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By John McCoy
A flurry of recent appellate court decisions have changed the landscape of worker protections under federal workplace discrimination laws. This has raised questions for employers who may look to religious protections to defend their hiring and firing decisions.
Title VII of the 1964 Civil Rights Act was designed to put an end to the “Mad Men” days of demeaning and discriminatory treatment on the basis of race, color, national origin, religion, and sex. Interpretations of the law’s protections against sex discrimination have expanded to cover more individuals within the LGBT community.
“The law is finally beginning to catch up with the people,” Gauri Punjabi, an employment attorney in Boston, told Bloomberg Law.
But what will the recent rulings from several federal appeals courts mean for the religious protections afforded to corporations under the Religious Freedom Restoration Act?
“The decisions might create new potential conflicts for religious organizations,” Luke Goodrich, attorney at the Becket Fund for Religious Liberty, told Bloomberg Law. “But RFRA is rarely used as a defense in Title VII cases.” Any concerns about a push by religious organizations against Title VII are overblown, he said.
A RFRA defense would only apply to an instance where the government or one of its agencies infringed on the religious protections afforded by the Act. As a federal law, Title VII provides protections when either a private actor or a state agency violates its inherent protections.
RFRA has been around since 1993. It perhaps saw its brightest day with the Hobby Lobby case in 2014, when the crafts store argued that being forced to implement the contraception component of the Affordable Care Act would violate its sincerely held religious beliefs. The U.S. Supreme Court agreed, setting a landmark precedent that not only ascribed religious belief to a closely held corporation, but constitutional protections that come with it.
Fast forward to 2018 where the Second and Seventh Circuit Courts of Appeal have said that Title VII anti-bias provisions cover sexual orientation, and both the Sixth Circuit and the federal agency charged with enforcing workplace anti-discrimination laws have broadened the act’s protections to include transgender identity. The myriad of rulings have led some to question if the apparent shift in judicial posture is a harbinger portending the end of the ‘religious exemption’ as a defense to the anti-discrimination protections of Title VII.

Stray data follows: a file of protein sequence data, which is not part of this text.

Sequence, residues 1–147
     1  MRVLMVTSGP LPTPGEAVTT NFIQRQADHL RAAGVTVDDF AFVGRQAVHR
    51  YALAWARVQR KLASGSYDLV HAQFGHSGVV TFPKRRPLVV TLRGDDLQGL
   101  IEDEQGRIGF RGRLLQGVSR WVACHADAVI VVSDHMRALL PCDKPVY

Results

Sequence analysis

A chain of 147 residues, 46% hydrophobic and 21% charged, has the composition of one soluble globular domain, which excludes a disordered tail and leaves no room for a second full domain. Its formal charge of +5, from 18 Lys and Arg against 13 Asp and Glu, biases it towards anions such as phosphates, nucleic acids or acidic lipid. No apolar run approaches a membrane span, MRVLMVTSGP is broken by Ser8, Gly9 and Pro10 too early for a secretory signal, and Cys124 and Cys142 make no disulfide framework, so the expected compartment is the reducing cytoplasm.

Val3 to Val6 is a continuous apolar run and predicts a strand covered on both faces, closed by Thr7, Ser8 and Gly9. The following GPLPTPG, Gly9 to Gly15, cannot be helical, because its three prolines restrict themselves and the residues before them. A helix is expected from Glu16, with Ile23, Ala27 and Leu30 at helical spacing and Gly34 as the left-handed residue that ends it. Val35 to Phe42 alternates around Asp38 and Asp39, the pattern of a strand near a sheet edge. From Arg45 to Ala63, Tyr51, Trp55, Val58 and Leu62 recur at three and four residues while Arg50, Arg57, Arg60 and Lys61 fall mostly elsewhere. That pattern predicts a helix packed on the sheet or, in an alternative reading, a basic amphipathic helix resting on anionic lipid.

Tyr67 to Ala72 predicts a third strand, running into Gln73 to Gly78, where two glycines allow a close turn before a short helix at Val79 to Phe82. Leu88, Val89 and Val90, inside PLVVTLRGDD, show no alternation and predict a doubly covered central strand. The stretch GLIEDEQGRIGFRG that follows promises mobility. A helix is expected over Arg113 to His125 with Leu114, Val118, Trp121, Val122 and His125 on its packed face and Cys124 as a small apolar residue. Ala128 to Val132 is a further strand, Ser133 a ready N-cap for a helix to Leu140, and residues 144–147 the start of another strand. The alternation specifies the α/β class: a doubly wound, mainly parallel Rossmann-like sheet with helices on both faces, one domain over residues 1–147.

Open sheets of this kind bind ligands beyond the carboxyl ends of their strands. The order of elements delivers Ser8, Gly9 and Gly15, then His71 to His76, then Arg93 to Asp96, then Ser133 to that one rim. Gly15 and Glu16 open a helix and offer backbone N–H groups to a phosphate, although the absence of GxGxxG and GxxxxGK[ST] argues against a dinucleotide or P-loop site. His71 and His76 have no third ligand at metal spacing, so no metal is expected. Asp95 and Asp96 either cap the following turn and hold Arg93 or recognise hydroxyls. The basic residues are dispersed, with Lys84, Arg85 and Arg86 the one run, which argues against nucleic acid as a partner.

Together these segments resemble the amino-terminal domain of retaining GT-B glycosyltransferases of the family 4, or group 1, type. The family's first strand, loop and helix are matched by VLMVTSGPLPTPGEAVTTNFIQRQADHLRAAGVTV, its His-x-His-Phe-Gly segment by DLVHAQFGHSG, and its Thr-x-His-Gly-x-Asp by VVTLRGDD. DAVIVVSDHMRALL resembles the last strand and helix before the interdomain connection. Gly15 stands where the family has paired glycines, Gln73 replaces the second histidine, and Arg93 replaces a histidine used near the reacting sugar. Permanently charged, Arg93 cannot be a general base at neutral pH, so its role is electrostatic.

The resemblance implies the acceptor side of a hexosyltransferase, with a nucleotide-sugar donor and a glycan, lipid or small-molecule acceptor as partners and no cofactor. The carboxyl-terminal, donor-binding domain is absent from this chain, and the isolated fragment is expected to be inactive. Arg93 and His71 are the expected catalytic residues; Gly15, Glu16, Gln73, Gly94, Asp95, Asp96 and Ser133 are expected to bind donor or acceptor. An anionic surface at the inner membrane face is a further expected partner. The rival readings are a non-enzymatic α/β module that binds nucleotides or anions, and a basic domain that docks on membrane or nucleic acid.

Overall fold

One instance where the RFRA defense came into conflict with Title VII was the Sixth Circuit case, EEOC v. R.G. & G.R. Harris Funeral Homes, Inc.
Employee Aimee Stephens was fired from her job as a funeral director after telling her employer that she would begin transitioning from male to female. The Equal Employment Opportunity Commission brought suit on Stephens’ behalf, alleging that the funeral home’s termination on the basis of her transgender status was unlawful under Title VII. The funeral home responded that enforcing the EEOC policy would violate the funeral home’s sincerely held religious beliefs. The appeals court ruled in favor of Stephens, effectively holding that discrimination based on transgender status is prohibited under Title VII.
Some saw the ruling as an encroachment on the rights of businesses to make decisions in keeping with their values.
“American business owners should be free to live and work consistently with their faith,” Gary McCaleb, senior counsel with Alliance Defending Freedom, told Bloomberg Law in an email. The Alliance represented Harris Funeral Homes in the case.
“Harris Funeral Home’s dress code is tailored to serve those mourning the loss of a loved one. The decision misreads court precedents that have long protected businesses which properly differentiate between men and women in their dress and grooming policies,” McCaleb said. “Court opinions should interpret legal terms according to their plain meaning when Congress passed the law. This opinion instead re-writes federal law and is directly contrary to decisions from other federal appellate courts.”